Emma Donoghue’s new novel emerges from the jagged rocks of Skelligs. The author took a boat trip around the islands in 2016 when their strange terrain tricked her imagination.
It’s just the weirdest place I’ve ever seen,” she said. “I’m looking up at this particularly spiky scene and thinking, ‘Okay, how did someone land here? How will it work? What would you even do on your first date? ‘
“I was approved. Then I thought, ‘Well, I bet there have been a few failed landings here’, so I would imagine a landing went wrong, and why. By the end of the boat ride, I had the whole story in my head.”
That story is Haven. This slow-motion novel is set in 7th century Ireland and follows three monks, Artt, Cormac and Trian, as they leave the cloister of Clonmacnoise and attempt to establish a retreat on a remote island, no one here. Artt believes that God will provide what they need: food, shelter, safety. Things get tense as they try to navigate their wild new surroundings and each other.
“Almost immediately, I knew I was going to make the book, and the whole shape of it, and how many monks there were, etc., the energy exploded.
“It was an overwhelming feeling. Not, ‘Oh, this is going to sell well’, not a little bit. It was like, ‘I think I need to write a book to explain to myself how [situation] can happen. So it’s not a kind of career decision, by any means. “
Donoghue is not threatened by her past success. Her 2010 novel Room shortlisted by Booker and adapted by the author into an Oscar-nominated film directed by Lenny Abrahamson and starring Brie Larson.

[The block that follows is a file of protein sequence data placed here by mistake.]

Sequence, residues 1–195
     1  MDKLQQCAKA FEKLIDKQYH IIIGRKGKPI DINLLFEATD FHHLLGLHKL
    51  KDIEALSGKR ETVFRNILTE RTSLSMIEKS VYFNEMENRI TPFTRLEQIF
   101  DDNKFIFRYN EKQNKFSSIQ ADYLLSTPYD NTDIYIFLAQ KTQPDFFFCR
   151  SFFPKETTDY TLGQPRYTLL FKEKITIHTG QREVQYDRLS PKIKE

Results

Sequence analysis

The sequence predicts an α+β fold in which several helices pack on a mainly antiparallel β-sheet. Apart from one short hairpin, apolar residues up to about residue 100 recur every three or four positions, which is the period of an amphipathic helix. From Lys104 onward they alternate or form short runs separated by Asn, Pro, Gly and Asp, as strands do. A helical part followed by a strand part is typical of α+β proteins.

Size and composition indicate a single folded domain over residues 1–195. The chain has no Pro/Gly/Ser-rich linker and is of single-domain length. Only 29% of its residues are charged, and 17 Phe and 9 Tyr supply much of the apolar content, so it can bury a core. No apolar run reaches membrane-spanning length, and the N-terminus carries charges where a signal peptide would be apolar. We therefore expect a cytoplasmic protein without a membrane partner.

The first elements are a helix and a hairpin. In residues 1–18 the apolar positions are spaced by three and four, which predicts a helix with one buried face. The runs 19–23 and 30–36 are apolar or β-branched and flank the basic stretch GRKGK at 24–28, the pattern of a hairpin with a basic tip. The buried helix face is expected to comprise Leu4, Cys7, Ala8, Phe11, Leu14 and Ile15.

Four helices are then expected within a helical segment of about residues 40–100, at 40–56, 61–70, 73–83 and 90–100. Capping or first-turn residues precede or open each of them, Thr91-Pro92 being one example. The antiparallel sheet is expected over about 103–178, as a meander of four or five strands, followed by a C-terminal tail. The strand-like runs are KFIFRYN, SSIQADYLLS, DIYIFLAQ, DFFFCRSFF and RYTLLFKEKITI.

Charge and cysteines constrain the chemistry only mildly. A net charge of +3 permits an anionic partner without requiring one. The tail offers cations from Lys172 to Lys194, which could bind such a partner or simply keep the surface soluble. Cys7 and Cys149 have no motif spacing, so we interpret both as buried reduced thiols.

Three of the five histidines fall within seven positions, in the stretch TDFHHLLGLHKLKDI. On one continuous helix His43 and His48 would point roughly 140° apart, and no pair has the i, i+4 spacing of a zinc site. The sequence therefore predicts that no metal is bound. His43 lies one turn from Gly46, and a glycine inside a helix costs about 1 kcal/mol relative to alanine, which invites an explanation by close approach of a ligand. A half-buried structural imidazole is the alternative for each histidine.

For some writers, the pressure to create a similar quake that follows or repeats the formula may be crushing. Instead, Dubliner’s output has been varied, not to mention unacceptable. Just one contemporary novel, 2019 Akinbeen following since Room. Instead, she took on jobs during the 1918 flu pandemic (The pull of the stars), in the 19th century Irish countryside (Marvel) and 19th-century San Francisco (Frog Music).
“I am not worried about anyone expecting a blockbuster from me. So I don’t always have that pressure,” she said.
“Two things really helped shield me from it. The first is that my publishers are never stupid enough to say to me, ‘Give me something like Room‘, because they know it doesn’t work that way. The second thing that comforts me is that you never know in advance which book will be your bestseller. If someone asks me to describe the plot of Room, “In which a young woman is kidnapped and her son is held captive,” sounds ridiculous. Like who would want to read it? Similar to The pull of the starsthis seemed like a very specific kind of novel, didn’t sound like a bestseller, but then it sold like cupcakes.